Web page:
Federal data shows increase in school safety protocols, equipment | #schoolsaftey

More schools across the nation have installed security cameras, added locks inside of classrooms and stepped up a raft of other security measures, according to new federal data released amid heightened safety concerns less than a week after another unfathomable school shooting.

The data, from the National Center for Education Statistics, painted a portrait of schools increasingly turning to new protocols and equipment to keep violence at bay. Schools reporting that they had panic buttons or silent alarms with a direct connection to law enforcement jumped to 43 percent in November 2022, from 29 percent during the 2017-2018 school year.

Nearly 65 percent of schools now have anonymous or confidential threat-reporting systems — up 15 percentage points during the same period. And half of schools reported having police trained to work in schools, known as school resource officers, on campus at least once a week — a number that was up five percentage points.

Experts attributed at least part of the spike to the seemingly regular drumbeat of school shootings. More than 331,000 children at more than 350 schools have experienced gun violence during school hours since the Columbine High School massacre in 1999, according to a Washington Post analysis.

Just six months before the federal data was collected, a mass killing at Robb Elementary School in Uvalde, Tex., left 19 children and two teachers dead, setting off a wave of grief and anger.

More than 331,000 students have experienced gun violence at school since Columbine

“It’s not just Uvalde,” said Ron Avi Astor, a professor at the University of California at Los Angeles who studies school safety. “It’s decades of shootings that are horrific, and it’s not just in schools. It’s supermarkets and movie theaters, music events, and just the randomness.”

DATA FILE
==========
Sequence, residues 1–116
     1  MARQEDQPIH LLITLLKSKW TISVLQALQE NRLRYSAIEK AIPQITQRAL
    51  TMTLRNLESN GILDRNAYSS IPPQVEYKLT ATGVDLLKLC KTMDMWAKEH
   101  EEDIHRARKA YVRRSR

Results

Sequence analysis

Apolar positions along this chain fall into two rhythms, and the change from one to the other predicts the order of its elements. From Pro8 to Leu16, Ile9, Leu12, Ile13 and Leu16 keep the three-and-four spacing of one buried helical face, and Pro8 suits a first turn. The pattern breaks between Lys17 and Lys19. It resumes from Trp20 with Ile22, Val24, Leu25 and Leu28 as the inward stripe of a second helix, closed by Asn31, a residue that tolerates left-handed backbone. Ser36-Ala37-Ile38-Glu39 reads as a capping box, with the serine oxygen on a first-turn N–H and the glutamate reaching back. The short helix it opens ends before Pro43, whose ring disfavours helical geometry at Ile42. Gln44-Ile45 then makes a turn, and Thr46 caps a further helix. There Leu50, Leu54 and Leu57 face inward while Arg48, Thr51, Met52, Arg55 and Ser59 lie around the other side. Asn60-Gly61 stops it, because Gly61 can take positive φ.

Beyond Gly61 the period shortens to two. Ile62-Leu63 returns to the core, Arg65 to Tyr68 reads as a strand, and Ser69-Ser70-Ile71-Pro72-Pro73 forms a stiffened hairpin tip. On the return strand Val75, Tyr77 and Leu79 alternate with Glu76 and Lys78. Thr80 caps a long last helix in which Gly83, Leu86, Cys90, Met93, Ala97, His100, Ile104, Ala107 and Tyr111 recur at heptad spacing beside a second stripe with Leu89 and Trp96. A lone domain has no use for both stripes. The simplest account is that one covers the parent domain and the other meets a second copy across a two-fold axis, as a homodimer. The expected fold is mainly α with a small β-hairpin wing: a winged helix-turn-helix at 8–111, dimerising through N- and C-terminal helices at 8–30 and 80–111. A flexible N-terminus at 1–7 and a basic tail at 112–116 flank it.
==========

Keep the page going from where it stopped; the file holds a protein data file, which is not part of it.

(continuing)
But Astor said that the increased security arrives in schools at the same time as more mental health initiatives and greater attention to student well-being. “It’s not an either-or,” he said. Like others, he cautioned against the “prisonization” of schools.

Sheldon Greenberg, a professor emeritus at Johns Hopkins University, said there is a delicate balance between maintaining safety and frightening people.

“You don’t want to increase the safety measures to the point where you are increasing fear,” Greenberg said. He also pointed out that adding security cameras or other technology does not make a difference unless it is “applied well and monitored.”

“The technology’s good, so long as it’s well maintained and there are people who are available who know what they’re doing to use it,” he said.

Schools safety practices have been in the spotlight for years, particularly in the aftermath of devastating rampages like the shooting at Sandy Hook Elementary School, where a gunman killed 20 children and six staff members in 2012.

Last week’s shooting of a 25-year-old teacher, allegedly by a first-grade student, at Richneck Elementary School in Newport News, Va., added to the disbelief of the potential for unexpected violence in a place where children are supposed to feel safe: school.

But it’s important to remember that schools remain one of the safest places around, said Dewey Cornell, a professor of education at the University of Virginia and a longtime school safety researcher. Cornell said he is skeptical of expensive security measures that have little evidence of effectiveness.